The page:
Designing Compassion, Part 2: Legos, Locks and Land Mines

Painting: K-16, by Peter Engelmann

I just finished a text conversation with my business partner regarding the Apple music player, which for some reason won’t allow songs on her playlists to play in sequence, like a jukebox, and instead repeats the same song. Yes, there’s a solution to this, but one shouldn’t have to do any detective work to find the solution for this simple feature.

The main headline font for one of my WordPress sites all of a sudden changed from a sans serif font to a disco-looking typeface, simply because I updated the theme, because WordPress recommended that I do. Of course there’s a hack to fix this, and I did, but I shouldn’t have had to. read more

Designing Compassion, Part 1: How Are You?

Be kind, for everyone is fighting a hard battle.

The lead mechanic for one of my clients died from a heart attack last week. My client owns a manufacturing shop selling refurbished but very expensive machinery, and has a dozen orders that need to be finished before any new money will come in. Two months before, his nephew, head of sales, had a stroke, and is still in the hospital.

Throughout these setbacks, my client has had to do the job of four other people (his admin assistant also took an unexpected leave of absence the week before), working twelve-hour days, at least six days a week, except when his wife forces him to spend a Sunday with her. He exhausted his six-figure emergency savings to keep the company running, to pay his employees, who also have families to feed and bills to pay. read more

Methodology Exercise – Selling Collectible Magazines on eBay

A mylar bag, backing board, 5 sheets of chip board, and a 9″ x 12″ envelope costs roughly 60 cents, to protect a magazine for mailing. The whole package weighs 12 ounces. Using First Class Mail, it’ll cost $4.11 to mail. Since this is a magazine, it qualifies for Media Mail rates, which will cost $2.63. Since the buyer pays for postage, I just saved him $1.48.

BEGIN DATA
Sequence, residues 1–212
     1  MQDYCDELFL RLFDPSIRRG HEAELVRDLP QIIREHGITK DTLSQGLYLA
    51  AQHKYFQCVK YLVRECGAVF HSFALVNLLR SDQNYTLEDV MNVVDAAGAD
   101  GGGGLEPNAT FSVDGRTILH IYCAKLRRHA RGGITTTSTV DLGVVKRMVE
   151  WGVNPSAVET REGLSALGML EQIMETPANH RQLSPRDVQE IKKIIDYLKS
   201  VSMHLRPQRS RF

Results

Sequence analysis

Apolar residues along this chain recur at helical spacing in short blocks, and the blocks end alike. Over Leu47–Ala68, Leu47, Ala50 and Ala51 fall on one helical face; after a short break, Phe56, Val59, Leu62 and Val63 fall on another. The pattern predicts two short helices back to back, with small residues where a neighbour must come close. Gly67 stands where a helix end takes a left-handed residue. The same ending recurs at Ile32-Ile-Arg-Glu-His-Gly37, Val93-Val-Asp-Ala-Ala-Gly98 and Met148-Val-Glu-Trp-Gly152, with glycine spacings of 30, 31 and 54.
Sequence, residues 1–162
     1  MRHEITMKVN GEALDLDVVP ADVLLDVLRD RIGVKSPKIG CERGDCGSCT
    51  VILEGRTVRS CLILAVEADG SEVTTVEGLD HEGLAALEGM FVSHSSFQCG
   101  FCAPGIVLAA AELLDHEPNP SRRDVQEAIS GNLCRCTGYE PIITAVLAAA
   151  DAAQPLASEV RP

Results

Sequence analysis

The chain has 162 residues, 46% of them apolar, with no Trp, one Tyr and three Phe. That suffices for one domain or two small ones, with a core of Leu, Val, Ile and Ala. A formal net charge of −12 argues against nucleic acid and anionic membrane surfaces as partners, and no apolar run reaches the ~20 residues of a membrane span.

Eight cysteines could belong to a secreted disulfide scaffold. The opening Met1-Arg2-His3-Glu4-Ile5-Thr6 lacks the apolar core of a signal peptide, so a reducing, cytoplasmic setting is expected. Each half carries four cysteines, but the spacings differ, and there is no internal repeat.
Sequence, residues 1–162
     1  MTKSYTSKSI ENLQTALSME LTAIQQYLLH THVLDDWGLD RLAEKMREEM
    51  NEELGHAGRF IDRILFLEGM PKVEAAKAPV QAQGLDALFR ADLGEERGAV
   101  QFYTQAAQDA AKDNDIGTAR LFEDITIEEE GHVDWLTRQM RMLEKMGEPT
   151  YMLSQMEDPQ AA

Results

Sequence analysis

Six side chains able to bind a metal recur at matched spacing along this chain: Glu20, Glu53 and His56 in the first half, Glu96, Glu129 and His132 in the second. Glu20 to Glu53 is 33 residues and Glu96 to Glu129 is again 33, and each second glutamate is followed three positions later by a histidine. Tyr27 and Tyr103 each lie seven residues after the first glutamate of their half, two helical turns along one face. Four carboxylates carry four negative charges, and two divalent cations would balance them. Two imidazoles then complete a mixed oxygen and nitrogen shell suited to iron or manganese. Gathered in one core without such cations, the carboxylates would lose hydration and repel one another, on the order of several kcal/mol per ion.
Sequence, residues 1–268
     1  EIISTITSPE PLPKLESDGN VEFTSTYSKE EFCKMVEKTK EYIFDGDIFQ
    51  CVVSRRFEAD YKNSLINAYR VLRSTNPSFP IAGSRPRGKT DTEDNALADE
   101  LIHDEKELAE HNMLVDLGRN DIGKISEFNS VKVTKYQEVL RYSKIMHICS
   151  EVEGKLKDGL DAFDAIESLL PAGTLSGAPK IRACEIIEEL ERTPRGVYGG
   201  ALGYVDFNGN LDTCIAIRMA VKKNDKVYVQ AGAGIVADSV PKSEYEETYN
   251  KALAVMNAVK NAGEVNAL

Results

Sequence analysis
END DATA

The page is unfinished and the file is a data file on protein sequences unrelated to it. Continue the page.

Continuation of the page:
If I sell a magazine for $10, and eBay takes 10% of that, plus PayPal’s 3%, that’s $1.30, which means I keep $8.70. Subtract the cost of the mailing material, and that’s $8.10. read more

Why YouTube?

This article originally appeared in

A client just asked me if it’s possible to keep their company videos within their own website, running it off their own web servers, instead of posting it on YouTube. He didn’t want to involve YouTube but was open to Vimeo.

I told him that anything is possible with enough resources, but I highly recommend we go with YouTube. Keep in mind that this is MY opinion, and I do my best to know as much as I can but I don’t know everything, so take it with a grain of salt. My reasons: read more

Ask Me (Almost) Anything

This post also appears on my Airgun Diaries page:

A geek friend posed these questions to me, here are my answers:

What’s your favorite series/franchise?
Right now it’s Marvel Studios, because the Netflix shows have put them past Star Wars for me. But the bottom line is it’s all about Disney right now–they’re killing it on all fronts.

What’s the most underrated film/comic/book/whatever in your opinion?
Comic book: The Question, although I haven’t read it in a long time. It was the first non-generic superhero comic series I ever got hooked on, plus Bill Sienkiewicz did a bunch of the art. Movie: Joe Versus The Volcano–it reminds me of a Coen Brothers movie and has countless allegories wrapped up in a goofy comedy. read more

LOGAN Movie Review

LOGAN Movie Written Review (Spoilers!)

This review also appears on my Letterboxd page:

Logan: “Everybody that I care about dies.”
Laura: “Then I should be fine.”

I’d been trying to figure out why I think Logan is a brilliant movie and for a few days I couldn’t put my finger on it, until now.

Answer: it doesn’t have cheese.

The movie treats itself not as a movie made up of people with “amazing” superpowers, but more as a straightforward western-style thriller, with characters that regular people like us can relate to. There aren’t any tongue-in-cheek moments, or blatant fan-service easter eggs that would make you roll your eyes upon recognition. There are no snappy puns, one-liners, or cliches. The fourth wall is never broken. There’s no mcguffin, and nature or luck or coincidence never steps in to save the day. There’s no wasted dialogue of the heroes and villains telling each other what they’re going to do to each other before they actually start fighting. It’s continually self-reflecting but never self-aggrandizing. There’s no posturing. read more